Strange Tales from Liaozhai - Vol. 6
The weird and whimsical short stories in Strange Tales from Liaozhai show their author, Pu Songling (1640-1715), to be both an explorer of the macabre, like Edgar Allan Poe, and a moralist, like Aesop. In this first complete translation of the collection's 494 stories into English, readers will encounter supernatural creatures, natural disasters, magical aspects of Buddhist and Daoist spirituality, and a wide range of Chinese folklore. Annotations are provided to clarify unfamiliar references or cultural allusions, and introductory essays have been included to explain facets of Pu Songling's work and to provide context for some of the unique qualities of his uncanny tales.
This is the sixth of 6 volumes.
Xu Sheng was from Yan. He'd gone with his elder brother, a successful merchant,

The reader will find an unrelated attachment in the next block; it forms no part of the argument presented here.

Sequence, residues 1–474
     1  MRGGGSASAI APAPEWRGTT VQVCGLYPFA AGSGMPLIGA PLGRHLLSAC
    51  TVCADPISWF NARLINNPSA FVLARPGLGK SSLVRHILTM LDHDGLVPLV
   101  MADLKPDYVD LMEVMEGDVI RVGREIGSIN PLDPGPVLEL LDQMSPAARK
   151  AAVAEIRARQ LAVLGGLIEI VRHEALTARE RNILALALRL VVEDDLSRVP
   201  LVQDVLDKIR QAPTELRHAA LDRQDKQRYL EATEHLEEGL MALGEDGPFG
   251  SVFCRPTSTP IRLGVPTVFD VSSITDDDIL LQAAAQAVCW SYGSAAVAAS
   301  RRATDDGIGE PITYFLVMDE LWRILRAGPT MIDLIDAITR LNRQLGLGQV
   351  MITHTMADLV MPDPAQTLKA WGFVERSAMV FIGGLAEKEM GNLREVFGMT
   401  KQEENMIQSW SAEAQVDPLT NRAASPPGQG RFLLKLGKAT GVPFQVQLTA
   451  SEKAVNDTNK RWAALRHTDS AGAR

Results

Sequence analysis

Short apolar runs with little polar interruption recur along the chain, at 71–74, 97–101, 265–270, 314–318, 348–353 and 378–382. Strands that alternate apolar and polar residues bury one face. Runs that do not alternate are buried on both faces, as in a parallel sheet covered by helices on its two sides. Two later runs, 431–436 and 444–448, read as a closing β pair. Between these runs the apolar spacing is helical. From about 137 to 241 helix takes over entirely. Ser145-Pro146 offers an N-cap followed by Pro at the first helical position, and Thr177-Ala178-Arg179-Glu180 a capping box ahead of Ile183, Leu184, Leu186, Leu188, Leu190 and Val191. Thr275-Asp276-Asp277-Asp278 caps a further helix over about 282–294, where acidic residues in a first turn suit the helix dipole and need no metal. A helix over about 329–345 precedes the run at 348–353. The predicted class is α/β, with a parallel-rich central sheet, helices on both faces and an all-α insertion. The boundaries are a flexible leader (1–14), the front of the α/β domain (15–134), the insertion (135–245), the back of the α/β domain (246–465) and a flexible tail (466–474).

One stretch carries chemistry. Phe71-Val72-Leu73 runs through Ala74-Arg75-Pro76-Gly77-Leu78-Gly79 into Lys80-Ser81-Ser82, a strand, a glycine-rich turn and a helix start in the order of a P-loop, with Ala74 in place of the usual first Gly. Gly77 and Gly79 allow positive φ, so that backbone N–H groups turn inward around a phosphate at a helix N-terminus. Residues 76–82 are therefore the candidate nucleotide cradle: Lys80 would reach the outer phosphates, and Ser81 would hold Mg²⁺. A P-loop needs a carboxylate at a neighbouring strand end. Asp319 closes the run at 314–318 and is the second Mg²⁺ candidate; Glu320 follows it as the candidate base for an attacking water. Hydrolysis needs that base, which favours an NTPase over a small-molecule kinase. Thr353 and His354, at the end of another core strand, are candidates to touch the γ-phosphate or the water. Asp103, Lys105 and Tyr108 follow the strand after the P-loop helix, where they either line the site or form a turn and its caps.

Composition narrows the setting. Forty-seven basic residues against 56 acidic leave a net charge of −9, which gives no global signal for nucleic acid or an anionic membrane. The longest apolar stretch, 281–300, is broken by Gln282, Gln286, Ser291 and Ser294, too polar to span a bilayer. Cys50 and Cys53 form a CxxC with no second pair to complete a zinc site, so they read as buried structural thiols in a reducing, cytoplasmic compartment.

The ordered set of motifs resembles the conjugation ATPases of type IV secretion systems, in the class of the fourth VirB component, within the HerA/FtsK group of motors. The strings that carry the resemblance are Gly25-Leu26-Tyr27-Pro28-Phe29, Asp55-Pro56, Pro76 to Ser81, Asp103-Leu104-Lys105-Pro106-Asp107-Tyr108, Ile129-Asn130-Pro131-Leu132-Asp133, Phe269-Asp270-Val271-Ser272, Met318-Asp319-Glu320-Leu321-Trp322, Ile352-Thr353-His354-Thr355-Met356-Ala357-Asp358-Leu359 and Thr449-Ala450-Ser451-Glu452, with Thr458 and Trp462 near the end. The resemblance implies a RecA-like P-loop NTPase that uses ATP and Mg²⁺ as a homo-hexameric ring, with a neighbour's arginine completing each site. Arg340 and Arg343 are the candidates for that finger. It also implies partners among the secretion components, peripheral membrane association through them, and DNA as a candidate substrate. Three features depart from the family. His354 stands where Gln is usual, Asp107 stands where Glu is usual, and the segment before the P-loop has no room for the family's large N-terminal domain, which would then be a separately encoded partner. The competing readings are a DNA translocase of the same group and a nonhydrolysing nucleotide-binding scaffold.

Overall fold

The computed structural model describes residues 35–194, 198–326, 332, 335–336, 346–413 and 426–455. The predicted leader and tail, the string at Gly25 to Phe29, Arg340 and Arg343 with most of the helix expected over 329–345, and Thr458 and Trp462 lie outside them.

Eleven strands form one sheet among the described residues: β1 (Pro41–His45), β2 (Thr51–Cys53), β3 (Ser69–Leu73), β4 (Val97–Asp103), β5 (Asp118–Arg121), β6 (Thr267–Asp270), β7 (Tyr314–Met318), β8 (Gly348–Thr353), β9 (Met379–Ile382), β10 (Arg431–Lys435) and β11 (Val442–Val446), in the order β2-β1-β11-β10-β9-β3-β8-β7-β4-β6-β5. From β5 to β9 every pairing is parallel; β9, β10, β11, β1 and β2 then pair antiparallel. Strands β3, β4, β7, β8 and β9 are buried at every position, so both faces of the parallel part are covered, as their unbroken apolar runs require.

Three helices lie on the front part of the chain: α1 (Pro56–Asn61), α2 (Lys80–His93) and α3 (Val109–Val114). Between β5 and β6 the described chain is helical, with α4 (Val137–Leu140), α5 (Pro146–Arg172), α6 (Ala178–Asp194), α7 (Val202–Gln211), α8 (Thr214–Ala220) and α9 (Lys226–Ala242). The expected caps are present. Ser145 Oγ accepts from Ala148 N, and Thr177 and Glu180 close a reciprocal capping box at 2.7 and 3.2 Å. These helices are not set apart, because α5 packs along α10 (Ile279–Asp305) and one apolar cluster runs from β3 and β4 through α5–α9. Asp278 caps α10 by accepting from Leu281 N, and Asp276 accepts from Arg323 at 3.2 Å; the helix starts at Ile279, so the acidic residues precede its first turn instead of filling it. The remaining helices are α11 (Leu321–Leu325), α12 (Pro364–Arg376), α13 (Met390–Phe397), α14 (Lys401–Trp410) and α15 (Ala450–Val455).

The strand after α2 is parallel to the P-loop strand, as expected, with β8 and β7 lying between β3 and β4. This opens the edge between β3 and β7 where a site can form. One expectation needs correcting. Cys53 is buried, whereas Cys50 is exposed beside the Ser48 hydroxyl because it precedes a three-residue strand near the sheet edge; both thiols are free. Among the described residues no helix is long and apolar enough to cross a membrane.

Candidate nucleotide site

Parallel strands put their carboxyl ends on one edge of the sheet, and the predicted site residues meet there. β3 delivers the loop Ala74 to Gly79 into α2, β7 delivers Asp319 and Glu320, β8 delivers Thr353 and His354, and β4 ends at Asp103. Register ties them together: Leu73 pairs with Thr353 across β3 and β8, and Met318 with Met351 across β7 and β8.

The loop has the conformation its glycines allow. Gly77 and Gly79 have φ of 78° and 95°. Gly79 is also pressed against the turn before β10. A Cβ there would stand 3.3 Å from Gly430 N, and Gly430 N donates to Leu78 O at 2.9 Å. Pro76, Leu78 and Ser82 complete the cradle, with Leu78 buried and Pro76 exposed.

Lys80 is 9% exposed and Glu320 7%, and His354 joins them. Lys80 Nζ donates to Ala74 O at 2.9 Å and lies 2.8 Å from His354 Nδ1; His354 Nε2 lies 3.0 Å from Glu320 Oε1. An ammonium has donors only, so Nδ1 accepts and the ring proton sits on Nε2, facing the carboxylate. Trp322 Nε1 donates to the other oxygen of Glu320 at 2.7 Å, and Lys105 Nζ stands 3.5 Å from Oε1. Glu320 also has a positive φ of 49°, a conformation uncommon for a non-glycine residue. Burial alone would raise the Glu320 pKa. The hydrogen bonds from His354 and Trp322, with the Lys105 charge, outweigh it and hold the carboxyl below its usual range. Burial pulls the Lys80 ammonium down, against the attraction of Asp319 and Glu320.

to Fujian, but their merchandise wasn't bringing them much income. Travelers
told them that there was a great sage who'd been putting his power on display, ...
Sheng observed his reaction and began making his complaints even more
boisterously; when the innkeeper and others heard this, they covered their ears
and ran out. In consequence, Xu Sheng fell ill that night with a violent headache.
When his brother heard these words, he became very angry with Sheng,
declaring that the god would vent his anger on ... knots, Xu Sheng purchased a
coffin and laid his brother in it, then went to the temple of the great sage, shook
his finger ...
Xu Sheng hurriedly knelt to offer his formal thanks for the god's benevolence. “
Now you've proven worthy, so you can leave together,” replied Sun Wukong. “If
you can dedicate yourselves to doing good works, that should guarantee good ...
One day, Xu Sheng happened to be wandering out in the countryside when
suddenly a man dressed in cheap clothing came up to him and cried, “Master,
what's troubling you?” Sheng was preoccupied with his family's hardships, so he